The Era of Oil Demand Growth Is Over According To BP

BP Plc said that the era of Oil demand growth is now over , in a report released on Monday. The most bullish scenario they had in terms of forward looking Oil output has been visualised below (Chart from Bloomberg, data from BP). Having a looking between 2017-2025, demand forecasts appear to be very flat according to BP, with the market focus transitioning to ‘greener energies’.

This chart as well as the bold statement made by BP has been met with backlash, many senior officials and well-known bodies such as OPEC have indicated that there will be decades of oil consumption growth , especially with populations rising and middle class groups expanding.
China have been a clear denominator in the expansion of global energy markets where it contributed the most in demand terms to all sources of energy other than natural gas, to which the U.S. only just exceeded China. However even with this level of support from China, the BP report emphasises the fact that the growth of fuels lagged behind their respective 10-year averages in 2019 , whilst demand for renewable’s surged a noticeable 41%, with renewable energy surpassing nuclear energy for the first time in history.

Weaknesses In Demand Data 
Oil consumption data in 2019 was up by +0.9% , though this was below the 10-year average of 1.3% annually, as mentioned above, China was a key player contributing to this growth with +680,000 barrels a day in additional demand. Though when looking what emerging markets/developing countries OECD demand slipped 290,000 barrels a day, for the first time since 2014. Though when analysing this data by product specific demand, BP is right in indicating that the world is moving towards green energy more. This is evidenced by ethane & LPG (liquefied petroleum gas)  consumption which rose the highest at 380,000 barrels a day, the use of Naphtha as a petrochemical substitute has contributed towards this with it’s reduced impact on greenhouse emissions.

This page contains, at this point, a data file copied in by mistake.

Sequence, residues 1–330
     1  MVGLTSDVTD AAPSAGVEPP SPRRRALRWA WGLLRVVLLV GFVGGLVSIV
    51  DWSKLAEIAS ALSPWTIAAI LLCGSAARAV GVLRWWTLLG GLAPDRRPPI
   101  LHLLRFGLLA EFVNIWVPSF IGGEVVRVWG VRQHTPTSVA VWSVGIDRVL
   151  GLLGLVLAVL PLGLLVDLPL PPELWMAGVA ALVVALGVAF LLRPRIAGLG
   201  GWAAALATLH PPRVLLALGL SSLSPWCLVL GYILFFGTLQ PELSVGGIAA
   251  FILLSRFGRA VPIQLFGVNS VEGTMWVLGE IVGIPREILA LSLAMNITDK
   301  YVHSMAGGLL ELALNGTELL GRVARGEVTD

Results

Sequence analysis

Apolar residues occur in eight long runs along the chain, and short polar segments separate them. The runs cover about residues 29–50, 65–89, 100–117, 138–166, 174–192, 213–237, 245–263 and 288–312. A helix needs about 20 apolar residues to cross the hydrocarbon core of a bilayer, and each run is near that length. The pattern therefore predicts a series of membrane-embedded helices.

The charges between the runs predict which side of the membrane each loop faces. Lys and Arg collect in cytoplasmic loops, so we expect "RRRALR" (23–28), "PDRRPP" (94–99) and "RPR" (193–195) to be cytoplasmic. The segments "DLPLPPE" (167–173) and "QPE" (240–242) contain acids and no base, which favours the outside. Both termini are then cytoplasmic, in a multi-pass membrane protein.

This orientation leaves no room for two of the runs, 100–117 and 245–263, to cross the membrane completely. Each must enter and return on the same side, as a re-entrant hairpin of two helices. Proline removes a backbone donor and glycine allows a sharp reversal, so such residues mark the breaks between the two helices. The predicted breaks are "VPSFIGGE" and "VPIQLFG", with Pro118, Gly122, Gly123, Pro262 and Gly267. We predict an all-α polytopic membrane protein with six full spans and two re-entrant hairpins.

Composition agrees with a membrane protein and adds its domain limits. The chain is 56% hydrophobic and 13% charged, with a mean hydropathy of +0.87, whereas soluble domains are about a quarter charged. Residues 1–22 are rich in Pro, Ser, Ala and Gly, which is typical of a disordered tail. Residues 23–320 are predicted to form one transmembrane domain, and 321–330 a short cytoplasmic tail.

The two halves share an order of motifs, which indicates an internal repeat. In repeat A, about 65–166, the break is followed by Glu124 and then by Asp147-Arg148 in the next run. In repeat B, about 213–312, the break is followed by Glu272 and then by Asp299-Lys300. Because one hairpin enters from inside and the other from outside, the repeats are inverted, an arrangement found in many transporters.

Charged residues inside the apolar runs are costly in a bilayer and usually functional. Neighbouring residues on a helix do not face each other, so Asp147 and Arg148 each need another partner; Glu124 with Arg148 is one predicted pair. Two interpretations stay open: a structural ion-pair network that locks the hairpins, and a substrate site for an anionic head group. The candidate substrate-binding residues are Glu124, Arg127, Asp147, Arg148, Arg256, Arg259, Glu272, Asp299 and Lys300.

More over IMO 2020 , an act which objectively enforces the sulphur content within a barrel of oil to be reduced by around 2-3%. When processing crude, the sulphur within the oil is released and this causes acid rain , thus damaging the environment. As the market prepares for IMO 2020 to be enforced, demand for high sulphur content has reduced by  320,000 barrels a day.
In term of Oil output, the U.S. experienced the largest output increase , rising by 1.7 million barrels a day however this was still down from the 2.2 million barrels a day recorded in 2018. With respect to oil output, a similar story has also been painted with other main exporting countries, Canada output was recorded at 150,000 barrels a day with Brazil output increasing by 200,000 barrels a day, however both are still lagging behind their 2018/2017 output averages. Whilst demand is technically rising, demand growth is lagging , supporting BP’s take on greener energies. Though to forecast growth to be flat over the next 5 years is an overstep. There are external factors which has not been discounted into the data , such as reduced demand as a result of covid-19, a boom in shale production and geopolitics between the U.S. and China. The products we use on a daily basis contain a derivative of oil, from simple toothbrushes to clothing material , it would be very difficult to find a product that can be used as diversely as oil. Whilst there is certainly a growth demand for greener energies, I expect oil to remain consistent in line with economic growth.



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